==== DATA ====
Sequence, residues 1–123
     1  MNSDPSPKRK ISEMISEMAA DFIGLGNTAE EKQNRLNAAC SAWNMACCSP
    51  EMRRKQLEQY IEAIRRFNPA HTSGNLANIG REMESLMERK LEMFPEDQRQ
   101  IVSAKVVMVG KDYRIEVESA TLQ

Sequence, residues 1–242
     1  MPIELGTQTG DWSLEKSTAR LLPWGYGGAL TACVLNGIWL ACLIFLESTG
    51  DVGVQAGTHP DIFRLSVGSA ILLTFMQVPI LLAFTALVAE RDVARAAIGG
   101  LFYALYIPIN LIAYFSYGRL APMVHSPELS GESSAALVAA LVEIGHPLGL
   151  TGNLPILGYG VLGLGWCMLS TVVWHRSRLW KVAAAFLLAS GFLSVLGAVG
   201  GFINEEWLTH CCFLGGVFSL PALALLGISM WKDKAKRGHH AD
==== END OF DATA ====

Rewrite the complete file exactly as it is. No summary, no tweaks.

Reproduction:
Sequence, residues 1–123
     1  MNSDPSPKRK ISEMISEMAA DFIGLGNTAE EKQNRLNAAC SAWNMACCSP
    51  EMRRKQLEQY IEAIRRFNPA HTSGNLANIG REMESLMERK LEMFPEDQRQ
   101  IVSAKVVMVG KDYRIEVESA TLQ

Sequence, residues 1–242
     1  MPIELGTQTG DWSLEKSTAR LLPWGYGGAL TACVLNGIWL ACLIFLESTG
    51  DVGVQAGTHP DIFRLSVGSA ILLTFMQVPI LLAFTALVAE RDVARAAIGG
   101  LFYALYIPIN LIAYFSYGRL APMVHSPELS GESSAALVAA LVEIGHPLGL
   151  TGNLPILGYG VLGLGWCMLS TVVWHRSRLW KVAAAFLLAS GFLSVLGAVG
   201  GFINEEWLTH CCFLGGVFSL PALALLGISM WKDKAKRGHH AD